Thursday, January 21, 2010

Campfires and Crickets.

1-5-10, 1:30 am

Single-digit temperatures tonight, threatening to drop below zero. I fear I'll never get back to Tennessee and her promised warmth, but only mildly so. Mild fear, mild promises.

Went down with my two younger brothers to the camp today, to see what havoc the snowstorm wrecked, and to idly burn some old dry cedar and a large hardwood log that was in a state just prior to rot, and that came apart in great gray slabs, like toboggans or coffin lids. It burned as if that were its intended purpose, from spore to sapling to sylvan titan to splintered gray log. We carefully excised a portion of the lumber that had a knot-growth resembling an oversized human ear.

And we built a roaring fire in the midst of the silent snow, and we ate smoked oysters out of an oily tin, and when we threw the tin in the fire it smoked and smelled pleasantly funky, like burnt fish eyes. My two brothers tromped off towards the lake as I cut more firewood with that shitty dull folding handsaw (have to get my Pa a new one of these, if only for my own selfish use when I return) and silently stoked the fire and smoked cigarettes. My brothers returned from their expedition with dubious claims of frostbite, lugging a ten-pound chunk of ice that looked like a giant molar. We lounged by the fire until dark, heads resting on shoulders, little cowboy boots gingerly resting on their silent brother's bundled chest, all in a state somewhere between snoozing and heavy-lidded reflection, a state such as only a snow-choked Ozarks holler and a smoldering cedar campfire can provide. Simplify, simplify. My brothers took turns hooting at an owl across the holler, and he felt obliged to reply.

Tonight in the shower, as I rinsed my hair, the smoke from the fire was suddenly fresh in my senses. It streamed down my shoulders, and I felt nearly compelled to stop then, lest I wash all the residue off my scalp. But there will be more campfires, and someday there will be The Campfire, one whose smell I would feign to never shampoo away.

What the fuck does that even mean? Do I mean it? Is it allegory for allegory sake, empty imagery with some vague nostalgic and prosaic importance attached? Maybe. Or maybe it's just my guts, reminding me that I'm not an android. Do Andrews dream of electric sheep?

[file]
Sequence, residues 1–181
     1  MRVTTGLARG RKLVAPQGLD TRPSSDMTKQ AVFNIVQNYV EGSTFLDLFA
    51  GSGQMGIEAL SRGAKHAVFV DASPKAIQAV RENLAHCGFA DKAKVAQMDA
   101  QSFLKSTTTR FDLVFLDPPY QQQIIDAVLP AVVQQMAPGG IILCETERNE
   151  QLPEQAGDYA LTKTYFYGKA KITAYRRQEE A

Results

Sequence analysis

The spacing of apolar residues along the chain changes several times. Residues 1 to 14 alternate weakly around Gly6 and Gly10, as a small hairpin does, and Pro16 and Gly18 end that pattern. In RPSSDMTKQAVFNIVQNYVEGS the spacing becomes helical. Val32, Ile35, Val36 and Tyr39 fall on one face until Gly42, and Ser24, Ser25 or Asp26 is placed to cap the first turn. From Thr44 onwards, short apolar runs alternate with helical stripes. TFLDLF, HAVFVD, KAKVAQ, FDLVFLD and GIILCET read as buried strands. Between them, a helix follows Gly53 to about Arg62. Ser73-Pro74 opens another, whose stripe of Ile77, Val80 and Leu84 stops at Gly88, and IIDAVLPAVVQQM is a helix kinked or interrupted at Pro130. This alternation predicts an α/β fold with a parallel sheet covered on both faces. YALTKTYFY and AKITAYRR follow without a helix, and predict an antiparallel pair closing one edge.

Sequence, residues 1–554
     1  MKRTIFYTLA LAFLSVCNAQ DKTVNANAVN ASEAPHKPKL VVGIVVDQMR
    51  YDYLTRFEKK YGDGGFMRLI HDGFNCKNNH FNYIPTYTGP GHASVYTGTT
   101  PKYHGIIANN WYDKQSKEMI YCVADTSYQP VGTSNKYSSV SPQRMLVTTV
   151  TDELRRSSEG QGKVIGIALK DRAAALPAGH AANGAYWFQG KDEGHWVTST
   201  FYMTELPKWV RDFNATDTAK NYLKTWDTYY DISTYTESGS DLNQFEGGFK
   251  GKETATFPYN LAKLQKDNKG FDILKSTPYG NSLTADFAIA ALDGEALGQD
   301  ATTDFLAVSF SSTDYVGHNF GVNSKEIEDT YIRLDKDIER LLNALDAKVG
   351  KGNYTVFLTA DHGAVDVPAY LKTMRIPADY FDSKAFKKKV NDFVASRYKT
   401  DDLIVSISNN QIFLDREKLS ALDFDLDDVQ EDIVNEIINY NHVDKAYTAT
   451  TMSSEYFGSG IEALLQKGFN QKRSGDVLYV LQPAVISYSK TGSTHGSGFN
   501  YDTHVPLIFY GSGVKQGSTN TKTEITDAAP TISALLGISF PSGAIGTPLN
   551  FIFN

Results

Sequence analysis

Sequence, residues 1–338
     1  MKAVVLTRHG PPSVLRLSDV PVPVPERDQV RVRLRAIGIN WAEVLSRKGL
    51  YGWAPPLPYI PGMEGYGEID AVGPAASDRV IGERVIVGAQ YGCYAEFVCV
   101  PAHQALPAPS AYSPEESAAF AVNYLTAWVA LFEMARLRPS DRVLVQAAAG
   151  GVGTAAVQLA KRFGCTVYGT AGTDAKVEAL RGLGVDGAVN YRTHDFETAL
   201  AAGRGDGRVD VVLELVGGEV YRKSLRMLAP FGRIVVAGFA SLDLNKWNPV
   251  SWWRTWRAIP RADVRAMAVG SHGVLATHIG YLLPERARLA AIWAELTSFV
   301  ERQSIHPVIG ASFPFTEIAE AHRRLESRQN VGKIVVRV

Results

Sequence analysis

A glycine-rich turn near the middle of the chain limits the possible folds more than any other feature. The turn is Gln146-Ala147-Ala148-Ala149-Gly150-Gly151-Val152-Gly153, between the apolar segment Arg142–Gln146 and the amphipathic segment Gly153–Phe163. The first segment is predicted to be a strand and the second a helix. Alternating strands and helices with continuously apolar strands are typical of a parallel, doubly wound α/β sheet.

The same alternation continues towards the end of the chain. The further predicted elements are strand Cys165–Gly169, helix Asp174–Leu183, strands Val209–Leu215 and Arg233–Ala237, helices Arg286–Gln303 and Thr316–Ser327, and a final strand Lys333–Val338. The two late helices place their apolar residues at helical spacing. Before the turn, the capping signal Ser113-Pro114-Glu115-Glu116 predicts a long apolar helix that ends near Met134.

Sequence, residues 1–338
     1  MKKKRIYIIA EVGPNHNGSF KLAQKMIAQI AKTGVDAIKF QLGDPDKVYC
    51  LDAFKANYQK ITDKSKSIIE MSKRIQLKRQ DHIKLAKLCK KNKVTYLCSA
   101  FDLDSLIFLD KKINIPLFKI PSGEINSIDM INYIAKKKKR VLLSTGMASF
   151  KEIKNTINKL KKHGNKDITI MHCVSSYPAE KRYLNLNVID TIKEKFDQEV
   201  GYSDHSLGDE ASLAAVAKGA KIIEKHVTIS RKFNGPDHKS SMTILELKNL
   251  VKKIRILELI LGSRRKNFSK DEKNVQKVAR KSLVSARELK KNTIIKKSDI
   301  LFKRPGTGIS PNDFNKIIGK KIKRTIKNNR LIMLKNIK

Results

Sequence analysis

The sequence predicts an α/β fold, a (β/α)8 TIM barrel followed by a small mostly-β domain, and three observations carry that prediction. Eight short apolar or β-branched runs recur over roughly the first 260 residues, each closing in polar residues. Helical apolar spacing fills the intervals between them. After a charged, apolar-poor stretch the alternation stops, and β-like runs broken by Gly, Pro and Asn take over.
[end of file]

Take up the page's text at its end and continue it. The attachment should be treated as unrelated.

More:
Also in the shower: I watched a tiny cricket, a straggler of the season, march clumsily and pathetically into the falling water. He tried feebly to clamber up to safety, but the slick tub walls offered no footing and no quarter. Finally, after watching his legs become splayed in bad angles, wrong angles, flattened by the rain, I scooped him up and tossed him behind the water heater.

I left the room to bring back a dictionary, but returned with a thick guide to Missouri flora. Tonight I shall sleep with a dictionary and a thesaurus on either side of my head. Is there a surer catalyst to madness, strapping your skull and all its screaming dreams between these two sizzling battery terminals? I want to exist in the arclite.

Thesaurus Rex

Just finished O. S. Card's Seventh Son, just began The Shining, and I'm eagerly halfway through it in just two days. Locked by inclement weather in the hills as I am, bound to the quiet, warm house by snowdrifts and plummeting mercury, I consider my finally reading this book to be as well-timed as I could've hoped. Interesting: I hardly ever read contemporary fiction, least of all fantasy or horror, but these last two books I've read I've truly enjoyed, and both deal with a young boy and his "knack", both boys born with a caul. I didn't even know of this term and the associated folklore a week ago. There are no coincedences, eh? I think it prudently safe, though, to chalk up the mundane to nothing more.

I suppose I should go to bed soon. I'll read more of The Shining until it scares the hell out of me again and I have to turn on some lights and avoid looking out of windows or into the bath tub. I need to see Kubrick's movie.

". . . on getting away from social conventions and coming closer to nature, we cannot help becoming children: all the things that have been acquired are shed by the soul, and it becomes again as it was once, and as it is surely to be again someday." - Lermontov, from A Hero of Our Time

Just now, in his sleep, Tony said something about "shitting on kids".

1 comment:

Seve Isaacs said...

I really enjoyed the Seventh Son. I read the whole series when I returned from Ukraine.